His actions were perhaps also directed by his proximity to the Jewish community. He was a centre-forward for Austria Vienna, a club with strong ties to the Jewish bourgeoisie and the Nazi invasion had forced many of his friends and teammates to leave the club and in some cases, even the city. Urban legend has it that he told the outgoing Jewish chairman of the club, “The new club president has forbidden us to talk to you, but I will always speak to you, Herr Doktor.”

Before the dissolution of the fabled Austrian Wunderteam the Germans agreed to play a friendly against an Austrian XI. It was a means of seeking legitimacy for their rule, a ‘propagandist display of brotherhood and unity’ as German sportswriter Ulrich Hesse-Lichtenberger notes. The Nazi leadership decreed that the match should end in a draw, and for over an hour Sindelar adhered to the script, passing up simple chances to score in a mock display of ineffectiveness.

In the 70th minute however, Sindelar, to the horror of the Nazi top-brass, scored from a rebound with a delicate, curving shot. When his friend, Schasti Sesta, lobbed the keeper with a 45-metre free kick, Sindelar danced wildly in front of the director’s box packed with Nazi dignitaries amidst frenzied chants of “Osterreich! Osterreich!” (“Austria! Austria!”) from the packed stands of the stadium. Even the newspapers, which had already been asked to toe the party line, turned in euphoric passages on the triumph of Viennese football.

Sindelar’s resistance, although largely silent and mired in symbolism, was not to end with the match. He turned down Germany manager, Sepp Herberger’s many requests to be a part of the national squad citing old age or poor fitness. Herberger later conceded that Sindelar’s stubbornness was based on off-field issues:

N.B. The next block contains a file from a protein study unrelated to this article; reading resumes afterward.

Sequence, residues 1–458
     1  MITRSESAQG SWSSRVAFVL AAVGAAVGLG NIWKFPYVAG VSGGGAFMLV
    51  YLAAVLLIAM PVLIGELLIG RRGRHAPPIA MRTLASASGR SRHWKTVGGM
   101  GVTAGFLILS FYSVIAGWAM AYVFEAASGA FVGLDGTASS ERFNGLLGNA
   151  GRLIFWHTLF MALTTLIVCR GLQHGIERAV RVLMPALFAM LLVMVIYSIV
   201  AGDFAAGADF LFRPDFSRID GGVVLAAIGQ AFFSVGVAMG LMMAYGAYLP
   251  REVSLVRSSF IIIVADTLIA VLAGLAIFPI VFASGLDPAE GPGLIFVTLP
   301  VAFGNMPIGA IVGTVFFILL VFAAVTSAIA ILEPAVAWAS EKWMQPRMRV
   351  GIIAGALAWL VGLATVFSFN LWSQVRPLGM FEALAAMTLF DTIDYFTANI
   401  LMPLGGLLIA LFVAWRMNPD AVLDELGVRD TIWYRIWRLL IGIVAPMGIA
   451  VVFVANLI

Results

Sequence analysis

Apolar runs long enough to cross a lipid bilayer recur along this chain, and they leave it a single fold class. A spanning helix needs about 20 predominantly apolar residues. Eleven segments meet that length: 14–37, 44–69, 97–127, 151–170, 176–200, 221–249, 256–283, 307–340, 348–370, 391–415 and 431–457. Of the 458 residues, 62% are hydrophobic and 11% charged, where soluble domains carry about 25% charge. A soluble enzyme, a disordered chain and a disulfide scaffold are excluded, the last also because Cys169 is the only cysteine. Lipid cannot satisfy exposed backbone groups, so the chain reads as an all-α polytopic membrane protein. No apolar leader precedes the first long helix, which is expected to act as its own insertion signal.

“As I tried again and again to change his mind, I gained the idea that he had some other reasons to decline.  I almost had the impression it was down to feelings of uneasiness and rejection to do with the political developments that weighed on his mind and caused his refusal.”

Sindelar retired from football soon after, and in August 1938, bought a mangy street-corner café in Favoriten from Leopold Drill, a Jew barred from ownership of property under new legislation. Sindelar continued to maintain close relations with his Jewish friends, much to the chagrin of the establishment.

A Gestapo report noted that he was a ‘Social Democrat, pro-Jewish and not sympathetic to the party’. Shortly after, he was mysteriously found dead in his flat on Annagasse, aged only 39, in bed with his unconscious girlfriend Camilla Castagnola. Official versions suggest that he was a victim of carbon monoxide poisoning caused by a faulty heater. Few believed it. His funeral was attended by over 15000 people — an occassion that writer Robin Stummer considers to be Vienna’s first, and last, resistance against the Nazi occupation.

“The good Sindelar followed the city, whose child and pride he was, to its death. He was so inextricably entwined with it that he had to die when it did…For to live and play football in the downtrodden, broken, tormented city meant deceiving Vienna with a repulsive spectre of itself…”
— Alfred Polgar